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Face-making: task-specific facial tensions and grimacing in musicians
  1. Andrew John Lees1,
  2. Michael Swash2,3
  1. 1 Reta Lila Weston Institute, Institute of Neurology, London, UK
  2. 2 Barts and The London School of Medicine and Dentistry, London, UK
  3. 3 Institute of Neuroscience, University of Lisbon Medical Faculty, Lisboa, Portugal
  1. Correspondence to Professor Michael Swash, Barts and The London School of Medicine and Dentistry, London E1 1BB, UK; mswash{at}

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I have been told that my facial expressions while playing are quite pronounced, and numerous audience members have asked me what in the world I am saying to myself as I play. In the act of practicing or performing, I am totally unconscious of any of this: I had to be asked and told, and to watch myself on video, to realise it was happening. It really does look as if I'm having a lively conversation with myself. Curtis Lindsay, pianist: blog at 11 June 2015

At a piano recital in a London concert hall, MS, seated on the right side of the auditorium, fairly far forward, was able to view the face and upper body of the pianist across the top of the Steinway concert grand piano. The performer, as usual, was seated right side-on to the audience. The performance, of a difficult programme that included works from the 18th and 20th centuries, was exceptional, technically near-perfect, emotionally expressive, with brilliance in tonality and colour. However, it was marred by the pianist’s florid, distracting facial movements, evident throughout the performance, even during a closing encore. Here, we consider the nosology of these performance-associated extraneous facial movements.

The facial mannerisms: ‘face-making’

During the performance the pianist displayed brief pursing movements of the lips, intermittent furrowing of the brow, forceful lateral and twisting movements of mouth and face, snarling expressions, a minor degree of tongue protrusion, darting eye movements to both sides, head retraction, elevation of the shoulders, forceful intakes of breath and, less frequently, a maintained posture of leaning backward away from the keyboard. The pianist’s legs seemed unaffected. There were no associated vocalisations. The facial movements appeared during every piece of music, commencing at the onset of each piece, but not evident before or immediately after the performance. During the performer’s walk across the stage towards the pianoforte, when standing to receive tumultuous applause, or when leaving the stage, there were no facial mannerisms or inappropriate gestures. The pianist was an early career professional, already much admired. An internet search for biographical details revealed no evidence of declared neuropsychiatric disorder.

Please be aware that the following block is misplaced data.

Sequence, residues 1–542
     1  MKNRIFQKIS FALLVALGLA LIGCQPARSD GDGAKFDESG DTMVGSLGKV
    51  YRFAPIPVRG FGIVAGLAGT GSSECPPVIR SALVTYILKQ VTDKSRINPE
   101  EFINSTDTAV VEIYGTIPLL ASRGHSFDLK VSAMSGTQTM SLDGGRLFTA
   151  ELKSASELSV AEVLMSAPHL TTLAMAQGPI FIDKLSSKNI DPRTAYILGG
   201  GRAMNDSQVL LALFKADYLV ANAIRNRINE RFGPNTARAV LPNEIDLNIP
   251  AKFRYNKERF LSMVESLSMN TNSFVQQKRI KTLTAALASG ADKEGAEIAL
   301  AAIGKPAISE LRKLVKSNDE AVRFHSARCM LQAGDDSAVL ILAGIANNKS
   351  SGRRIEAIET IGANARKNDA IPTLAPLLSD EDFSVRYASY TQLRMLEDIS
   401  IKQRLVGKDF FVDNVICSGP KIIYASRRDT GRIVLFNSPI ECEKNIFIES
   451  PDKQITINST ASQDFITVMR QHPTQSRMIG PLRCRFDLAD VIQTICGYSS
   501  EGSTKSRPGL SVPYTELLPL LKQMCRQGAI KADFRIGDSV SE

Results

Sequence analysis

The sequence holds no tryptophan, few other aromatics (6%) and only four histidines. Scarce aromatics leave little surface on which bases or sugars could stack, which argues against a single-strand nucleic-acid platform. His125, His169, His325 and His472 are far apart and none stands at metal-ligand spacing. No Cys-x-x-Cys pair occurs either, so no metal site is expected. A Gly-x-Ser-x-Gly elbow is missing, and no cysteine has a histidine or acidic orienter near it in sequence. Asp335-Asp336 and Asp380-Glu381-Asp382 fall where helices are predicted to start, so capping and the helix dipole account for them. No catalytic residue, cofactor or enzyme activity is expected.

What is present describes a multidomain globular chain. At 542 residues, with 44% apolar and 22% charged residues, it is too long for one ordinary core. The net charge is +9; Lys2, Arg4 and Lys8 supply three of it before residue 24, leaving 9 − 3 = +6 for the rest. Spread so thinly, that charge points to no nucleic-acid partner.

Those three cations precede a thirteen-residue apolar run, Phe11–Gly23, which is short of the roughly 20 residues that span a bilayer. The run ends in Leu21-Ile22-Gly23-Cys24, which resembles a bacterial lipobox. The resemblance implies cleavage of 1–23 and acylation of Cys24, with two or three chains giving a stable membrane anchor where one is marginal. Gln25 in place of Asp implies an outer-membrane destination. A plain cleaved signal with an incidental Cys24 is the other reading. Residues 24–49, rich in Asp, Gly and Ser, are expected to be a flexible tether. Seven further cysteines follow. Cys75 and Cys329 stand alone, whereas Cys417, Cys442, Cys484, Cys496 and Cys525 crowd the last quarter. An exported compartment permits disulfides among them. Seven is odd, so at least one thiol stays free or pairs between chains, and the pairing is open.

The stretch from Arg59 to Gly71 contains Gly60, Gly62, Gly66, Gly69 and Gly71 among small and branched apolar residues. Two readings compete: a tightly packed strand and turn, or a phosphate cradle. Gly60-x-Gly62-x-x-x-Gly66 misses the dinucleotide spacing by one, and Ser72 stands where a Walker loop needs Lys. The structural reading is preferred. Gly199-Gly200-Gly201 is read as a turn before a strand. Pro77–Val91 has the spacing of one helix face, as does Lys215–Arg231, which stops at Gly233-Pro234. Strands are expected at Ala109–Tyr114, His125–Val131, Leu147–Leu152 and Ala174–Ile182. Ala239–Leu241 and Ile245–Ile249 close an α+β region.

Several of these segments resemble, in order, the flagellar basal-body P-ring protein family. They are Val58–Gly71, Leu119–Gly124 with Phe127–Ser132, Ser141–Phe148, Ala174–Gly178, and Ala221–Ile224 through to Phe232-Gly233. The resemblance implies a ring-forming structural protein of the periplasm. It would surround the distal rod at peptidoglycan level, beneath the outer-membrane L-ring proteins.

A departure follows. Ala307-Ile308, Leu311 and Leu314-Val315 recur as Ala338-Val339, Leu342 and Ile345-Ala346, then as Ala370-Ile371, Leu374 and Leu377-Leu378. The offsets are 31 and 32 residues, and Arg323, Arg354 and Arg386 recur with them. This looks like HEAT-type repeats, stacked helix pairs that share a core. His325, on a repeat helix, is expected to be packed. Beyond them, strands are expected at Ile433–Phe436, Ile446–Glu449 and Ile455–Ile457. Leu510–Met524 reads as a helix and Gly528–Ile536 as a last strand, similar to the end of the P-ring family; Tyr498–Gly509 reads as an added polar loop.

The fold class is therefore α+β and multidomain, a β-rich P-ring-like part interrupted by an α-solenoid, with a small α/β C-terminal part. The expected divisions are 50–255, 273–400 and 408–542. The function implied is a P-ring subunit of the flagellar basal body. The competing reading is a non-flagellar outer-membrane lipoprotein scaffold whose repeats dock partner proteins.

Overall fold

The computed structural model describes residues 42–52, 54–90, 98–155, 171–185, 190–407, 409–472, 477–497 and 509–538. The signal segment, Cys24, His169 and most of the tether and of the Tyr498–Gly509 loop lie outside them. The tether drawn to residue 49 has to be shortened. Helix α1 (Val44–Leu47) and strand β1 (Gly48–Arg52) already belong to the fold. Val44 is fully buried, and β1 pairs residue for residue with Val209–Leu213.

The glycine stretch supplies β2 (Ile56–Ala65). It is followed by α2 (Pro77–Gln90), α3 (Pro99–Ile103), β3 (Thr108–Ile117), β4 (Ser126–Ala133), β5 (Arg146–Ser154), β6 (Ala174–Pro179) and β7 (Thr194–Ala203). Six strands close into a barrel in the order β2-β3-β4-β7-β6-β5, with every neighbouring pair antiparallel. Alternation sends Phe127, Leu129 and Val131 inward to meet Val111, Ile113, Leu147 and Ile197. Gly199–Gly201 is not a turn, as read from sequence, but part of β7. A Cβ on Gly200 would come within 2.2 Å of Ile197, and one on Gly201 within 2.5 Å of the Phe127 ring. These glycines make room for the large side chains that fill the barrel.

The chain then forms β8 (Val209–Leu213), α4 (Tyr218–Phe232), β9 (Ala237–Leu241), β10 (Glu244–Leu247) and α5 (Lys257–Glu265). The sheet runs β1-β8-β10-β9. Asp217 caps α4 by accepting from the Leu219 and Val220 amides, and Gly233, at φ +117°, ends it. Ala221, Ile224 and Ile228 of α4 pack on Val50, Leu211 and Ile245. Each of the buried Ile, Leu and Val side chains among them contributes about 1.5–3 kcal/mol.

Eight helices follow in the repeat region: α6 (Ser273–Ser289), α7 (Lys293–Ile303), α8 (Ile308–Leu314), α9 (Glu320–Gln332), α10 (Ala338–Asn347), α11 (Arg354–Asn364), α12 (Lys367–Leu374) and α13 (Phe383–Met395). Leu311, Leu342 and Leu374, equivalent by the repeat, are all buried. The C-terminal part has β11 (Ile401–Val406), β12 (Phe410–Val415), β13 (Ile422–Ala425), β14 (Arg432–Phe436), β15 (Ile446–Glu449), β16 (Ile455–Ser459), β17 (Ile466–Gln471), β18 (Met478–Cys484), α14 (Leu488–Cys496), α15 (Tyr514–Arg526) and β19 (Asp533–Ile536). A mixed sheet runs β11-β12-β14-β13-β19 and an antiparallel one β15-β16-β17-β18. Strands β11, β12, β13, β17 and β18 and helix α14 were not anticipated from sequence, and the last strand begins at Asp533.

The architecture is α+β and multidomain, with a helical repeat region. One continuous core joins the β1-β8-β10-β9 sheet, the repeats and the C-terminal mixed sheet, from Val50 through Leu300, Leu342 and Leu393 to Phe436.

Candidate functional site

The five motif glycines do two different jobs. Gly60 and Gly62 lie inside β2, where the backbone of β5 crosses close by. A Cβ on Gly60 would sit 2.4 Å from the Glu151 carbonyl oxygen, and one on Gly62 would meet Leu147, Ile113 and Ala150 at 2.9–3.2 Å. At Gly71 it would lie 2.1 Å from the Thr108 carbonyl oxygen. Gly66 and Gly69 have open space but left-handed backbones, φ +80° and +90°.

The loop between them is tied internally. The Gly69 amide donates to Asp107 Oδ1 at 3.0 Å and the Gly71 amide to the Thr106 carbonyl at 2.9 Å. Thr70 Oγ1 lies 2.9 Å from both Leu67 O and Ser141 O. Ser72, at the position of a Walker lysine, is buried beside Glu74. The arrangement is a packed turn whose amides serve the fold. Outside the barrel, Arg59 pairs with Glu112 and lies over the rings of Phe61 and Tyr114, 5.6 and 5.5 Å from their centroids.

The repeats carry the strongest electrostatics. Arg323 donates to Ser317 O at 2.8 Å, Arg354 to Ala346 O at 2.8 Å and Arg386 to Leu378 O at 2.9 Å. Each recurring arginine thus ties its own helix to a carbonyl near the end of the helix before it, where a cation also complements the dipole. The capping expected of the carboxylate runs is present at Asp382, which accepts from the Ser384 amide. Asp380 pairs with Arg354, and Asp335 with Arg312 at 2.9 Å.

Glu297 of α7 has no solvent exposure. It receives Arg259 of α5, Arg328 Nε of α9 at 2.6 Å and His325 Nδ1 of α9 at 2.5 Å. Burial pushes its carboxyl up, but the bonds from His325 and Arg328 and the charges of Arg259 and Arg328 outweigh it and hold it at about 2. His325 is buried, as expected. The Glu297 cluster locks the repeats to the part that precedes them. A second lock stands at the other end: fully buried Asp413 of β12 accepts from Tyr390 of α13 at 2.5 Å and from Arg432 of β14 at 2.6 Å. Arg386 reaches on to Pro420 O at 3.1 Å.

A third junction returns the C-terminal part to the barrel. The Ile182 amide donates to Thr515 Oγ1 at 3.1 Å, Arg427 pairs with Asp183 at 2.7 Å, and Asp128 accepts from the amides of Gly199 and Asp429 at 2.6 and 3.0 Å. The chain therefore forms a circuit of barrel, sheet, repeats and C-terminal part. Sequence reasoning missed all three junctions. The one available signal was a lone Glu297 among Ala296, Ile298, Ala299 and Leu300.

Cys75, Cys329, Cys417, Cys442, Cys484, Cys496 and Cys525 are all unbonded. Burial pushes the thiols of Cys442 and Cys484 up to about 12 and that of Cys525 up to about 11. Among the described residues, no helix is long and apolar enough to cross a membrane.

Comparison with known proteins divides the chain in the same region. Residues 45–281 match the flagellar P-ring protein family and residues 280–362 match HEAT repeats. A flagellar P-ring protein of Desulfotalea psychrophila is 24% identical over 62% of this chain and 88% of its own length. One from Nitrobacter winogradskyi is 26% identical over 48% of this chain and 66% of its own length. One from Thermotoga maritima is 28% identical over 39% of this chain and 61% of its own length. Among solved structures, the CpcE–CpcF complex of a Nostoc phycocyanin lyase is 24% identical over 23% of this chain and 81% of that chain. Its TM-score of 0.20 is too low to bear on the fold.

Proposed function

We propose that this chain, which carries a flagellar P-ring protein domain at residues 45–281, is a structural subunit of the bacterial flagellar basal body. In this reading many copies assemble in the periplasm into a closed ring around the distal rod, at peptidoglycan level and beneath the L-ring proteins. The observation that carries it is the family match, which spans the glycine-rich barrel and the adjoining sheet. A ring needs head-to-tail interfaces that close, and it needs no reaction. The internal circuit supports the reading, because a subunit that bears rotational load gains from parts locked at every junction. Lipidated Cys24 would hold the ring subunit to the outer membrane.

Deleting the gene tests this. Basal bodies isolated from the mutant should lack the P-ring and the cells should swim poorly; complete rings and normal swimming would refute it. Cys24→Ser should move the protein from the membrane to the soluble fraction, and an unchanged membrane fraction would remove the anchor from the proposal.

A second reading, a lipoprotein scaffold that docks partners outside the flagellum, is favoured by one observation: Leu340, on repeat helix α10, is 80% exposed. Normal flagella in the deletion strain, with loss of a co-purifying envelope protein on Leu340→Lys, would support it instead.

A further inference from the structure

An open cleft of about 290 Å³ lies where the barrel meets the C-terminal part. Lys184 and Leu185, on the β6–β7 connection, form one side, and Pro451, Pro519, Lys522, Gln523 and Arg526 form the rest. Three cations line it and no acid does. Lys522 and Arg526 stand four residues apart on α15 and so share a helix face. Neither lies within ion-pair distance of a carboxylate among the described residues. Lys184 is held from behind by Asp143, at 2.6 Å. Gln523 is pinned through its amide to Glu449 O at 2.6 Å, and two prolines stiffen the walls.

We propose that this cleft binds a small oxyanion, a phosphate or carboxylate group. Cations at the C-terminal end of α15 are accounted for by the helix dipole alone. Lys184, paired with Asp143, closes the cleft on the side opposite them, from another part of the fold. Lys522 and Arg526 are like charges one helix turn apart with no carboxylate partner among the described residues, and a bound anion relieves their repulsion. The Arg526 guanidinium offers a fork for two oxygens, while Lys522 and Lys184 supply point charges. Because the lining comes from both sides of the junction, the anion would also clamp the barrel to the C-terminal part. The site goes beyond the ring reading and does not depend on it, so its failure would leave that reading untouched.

Facial and bodily gesturing in professional pianists and other musicians

There are many videos of professional pianists available on the internet.1 Review of videos of 22 contemporary classical pianists showed that over half displayed accompanying movements of trunk, head and neck, and arms but, less often, grimacing facial, eyelid and mouth movements. Perhaps unsurprisingly, these videos in general avoid full-face images of pianists with facial tensions and grimaces. A free play of emotionally expressive facial grimacing movement during performance is more evident and more frequent in contemporary pianists than in videos of the virtuoso pianists of the past, in whom such ‘face-making’ a term introduced by the music teacher, Daniel Kazez, was rare.2 Other musicians, especially string players and rock guitarists, may be similarly affected.2 3 YouTube videos of Herbert von Karajan (1908–1989), the revered Austrian conductor of the Berlin Philharmonic Orchestra, show that while conducting he developed rather similar facial spasms, especially during periods of tension in the music. We separate emotionally expressive body and head posturing in musicians from formless, ‘face-making’ grimacing.2

A contextual understanding